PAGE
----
Most people know the term “Prenuptial Agreement”, but many are unfamiliar with the similar Postnuptial Agreement, which is basically a prenuptial agreement except it is made after a couple is already married. These documents are valuable because they can ease the process in the case of a divorce and ensure proper division of assets. Consider these reasons for creating a postnuptial agreement:
- Significant Assets– Postnuptial agreements can include one spouse waiving their inheritance rights in the case of the death of the other spouse. If you or your spouse has significant assets that you wish to return to the biological family instead of the surviving spouse, a postnuptial agreement is the means to ensure that.
- Separation Agreements– If separation or divorce is a possibility, consider the difficulties of the legal battle that could ensue. A postnuptial agreement can be drafted similarly to a separation agreement, allowing you to cut through much of the time and cost of a divorce by having a contract in place that denotes the aftermath of the divorce in terms of custody and alimony arrangements, as well as asset division.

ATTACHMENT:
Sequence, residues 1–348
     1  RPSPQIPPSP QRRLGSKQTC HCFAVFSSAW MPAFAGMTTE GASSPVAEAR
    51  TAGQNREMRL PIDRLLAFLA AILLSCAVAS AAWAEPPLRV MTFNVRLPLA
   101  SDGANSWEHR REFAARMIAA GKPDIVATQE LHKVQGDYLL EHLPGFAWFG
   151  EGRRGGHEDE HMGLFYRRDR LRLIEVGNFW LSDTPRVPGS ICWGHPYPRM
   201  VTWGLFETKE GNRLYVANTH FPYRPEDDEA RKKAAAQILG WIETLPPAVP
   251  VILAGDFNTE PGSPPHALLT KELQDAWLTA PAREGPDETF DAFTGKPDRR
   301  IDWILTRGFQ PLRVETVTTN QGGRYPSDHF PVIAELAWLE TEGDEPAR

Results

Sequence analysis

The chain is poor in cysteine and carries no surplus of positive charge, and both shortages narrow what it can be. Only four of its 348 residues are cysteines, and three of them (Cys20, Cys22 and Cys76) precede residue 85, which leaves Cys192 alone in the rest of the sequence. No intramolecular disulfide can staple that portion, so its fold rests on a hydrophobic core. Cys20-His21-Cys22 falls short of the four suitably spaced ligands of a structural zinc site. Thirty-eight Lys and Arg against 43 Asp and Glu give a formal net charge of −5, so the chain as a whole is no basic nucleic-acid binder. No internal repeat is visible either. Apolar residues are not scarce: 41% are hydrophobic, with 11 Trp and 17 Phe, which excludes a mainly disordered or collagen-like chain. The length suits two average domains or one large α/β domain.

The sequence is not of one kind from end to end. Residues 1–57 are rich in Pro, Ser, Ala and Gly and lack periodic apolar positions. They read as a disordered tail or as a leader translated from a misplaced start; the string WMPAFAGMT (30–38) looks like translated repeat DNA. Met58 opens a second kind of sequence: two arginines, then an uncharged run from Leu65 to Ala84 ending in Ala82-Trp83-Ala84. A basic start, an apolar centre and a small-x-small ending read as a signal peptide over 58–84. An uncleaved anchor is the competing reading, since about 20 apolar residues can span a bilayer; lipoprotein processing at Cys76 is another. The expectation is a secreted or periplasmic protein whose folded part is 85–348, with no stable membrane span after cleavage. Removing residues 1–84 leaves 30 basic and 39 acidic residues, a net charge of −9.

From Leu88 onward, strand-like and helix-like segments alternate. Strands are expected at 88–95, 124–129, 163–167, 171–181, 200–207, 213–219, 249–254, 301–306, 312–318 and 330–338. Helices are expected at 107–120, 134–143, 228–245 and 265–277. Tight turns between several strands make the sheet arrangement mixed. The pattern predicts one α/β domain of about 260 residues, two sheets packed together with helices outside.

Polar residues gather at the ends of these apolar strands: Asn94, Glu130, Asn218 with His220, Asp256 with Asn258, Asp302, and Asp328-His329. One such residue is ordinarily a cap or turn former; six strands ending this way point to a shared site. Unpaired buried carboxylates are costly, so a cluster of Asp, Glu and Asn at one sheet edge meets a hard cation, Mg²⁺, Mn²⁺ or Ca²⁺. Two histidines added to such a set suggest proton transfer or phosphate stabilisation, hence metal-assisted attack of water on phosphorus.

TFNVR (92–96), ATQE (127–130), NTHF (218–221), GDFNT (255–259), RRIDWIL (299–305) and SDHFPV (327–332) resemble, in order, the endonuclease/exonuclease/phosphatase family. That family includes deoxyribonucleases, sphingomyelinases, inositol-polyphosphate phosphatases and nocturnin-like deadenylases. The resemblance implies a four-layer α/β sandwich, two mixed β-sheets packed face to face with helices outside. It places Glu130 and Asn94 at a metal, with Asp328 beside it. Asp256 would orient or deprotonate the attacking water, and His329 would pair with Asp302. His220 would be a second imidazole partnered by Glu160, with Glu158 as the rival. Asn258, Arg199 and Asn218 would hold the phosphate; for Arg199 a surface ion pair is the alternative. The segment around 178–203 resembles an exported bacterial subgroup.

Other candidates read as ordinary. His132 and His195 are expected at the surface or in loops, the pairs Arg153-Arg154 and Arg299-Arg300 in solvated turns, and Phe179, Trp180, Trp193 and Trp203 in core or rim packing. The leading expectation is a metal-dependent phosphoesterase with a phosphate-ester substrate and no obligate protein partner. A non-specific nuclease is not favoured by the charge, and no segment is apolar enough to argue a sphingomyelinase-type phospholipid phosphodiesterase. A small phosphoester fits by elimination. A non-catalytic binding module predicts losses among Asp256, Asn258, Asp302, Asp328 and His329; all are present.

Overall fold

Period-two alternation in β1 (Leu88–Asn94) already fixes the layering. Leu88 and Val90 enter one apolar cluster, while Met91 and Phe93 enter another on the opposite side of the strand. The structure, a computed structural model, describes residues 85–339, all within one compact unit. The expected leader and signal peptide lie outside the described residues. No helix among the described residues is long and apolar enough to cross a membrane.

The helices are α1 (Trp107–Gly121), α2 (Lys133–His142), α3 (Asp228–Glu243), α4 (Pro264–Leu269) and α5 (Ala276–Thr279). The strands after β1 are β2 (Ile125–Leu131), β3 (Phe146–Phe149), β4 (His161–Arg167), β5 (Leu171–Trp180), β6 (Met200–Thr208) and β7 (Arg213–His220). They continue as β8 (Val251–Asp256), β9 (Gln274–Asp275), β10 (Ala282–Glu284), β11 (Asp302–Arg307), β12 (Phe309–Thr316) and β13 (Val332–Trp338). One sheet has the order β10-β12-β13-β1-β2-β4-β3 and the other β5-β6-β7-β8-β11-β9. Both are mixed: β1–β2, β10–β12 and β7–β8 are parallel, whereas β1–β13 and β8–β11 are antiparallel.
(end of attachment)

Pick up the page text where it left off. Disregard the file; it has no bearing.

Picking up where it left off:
- Changes to a Prenuptial Agreement- If your circumstances have changed and your prenuptial agreement no longer carries the terms you and your spouse desire, you can make amends to it and have a postnuptial agreement instead. Likewise, if you had planned to have a prenuptial agreement but did not get one in place prior to marriage, a postnuptial agreement will allow for you to gain the same security and peace of mind after the wedding.
How to make Postnuptial Agreements :
- Consult an attorney. A Chicago divorce lawyer will help you understand how to draft the document and the ramifications thereof in the case of a divorce. We recommend you and your spouse both have an attorney so there is no conflict of interest. The attorneys at The Law Offices of Michael P. Doman Ltd. are experienced and ready to assist.
- Work with your spouse. In order to be valid, postnuptial agreements must be fully and fairly disclosed. You may not make these types of decisions on your own. Your spouse must work with you and agree to the terms and conditions of the agreement. You do not want your spouse to contest the terms later by claiming that he or she did not have sufficient knowledge or legal counsel on the document.
- Have it in writing. You may not use oral promises for this type of agreement. This is a legal document and must be drafted as such.
- Execute before a Notary Public. In order for this agreement to be valid, you and your spouse must personally appear before a notary public to sign the document.
Call today to schedule a consultation on your unique situation and how a postnuptial agreement would be the right fit for securing your future.